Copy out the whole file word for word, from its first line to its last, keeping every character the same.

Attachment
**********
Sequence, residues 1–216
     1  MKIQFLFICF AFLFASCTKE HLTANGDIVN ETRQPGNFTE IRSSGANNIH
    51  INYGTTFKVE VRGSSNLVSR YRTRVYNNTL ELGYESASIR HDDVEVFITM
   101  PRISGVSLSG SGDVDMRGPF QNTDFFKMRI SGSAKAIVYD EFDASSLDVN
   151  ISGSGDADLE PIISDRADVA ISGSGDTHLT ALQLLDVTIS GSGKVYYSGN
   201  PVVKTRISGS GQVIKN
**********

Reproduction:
Sequence, residues 1–216
     1  MKIQFLFICF AFLFASCTKE HLTANGDIVN ETRQPGNFTE IRSSGANNIH
    51  INYGTTFKVE VRGSSNLVSR YRTRVYNNTL ELGYESASIR HDDVEVFITM
   101  PRISGVSLSG SGDVDMRGPF QNTDFFKMRI SGSAKAIVYD EFDASSLDVN
   151  ISGSGDADLE PIISDRADVA ISGSGDTHLT ALQLLDVTIS GSGKVYYSGN
   201  PVVKTRISGS GQVIKN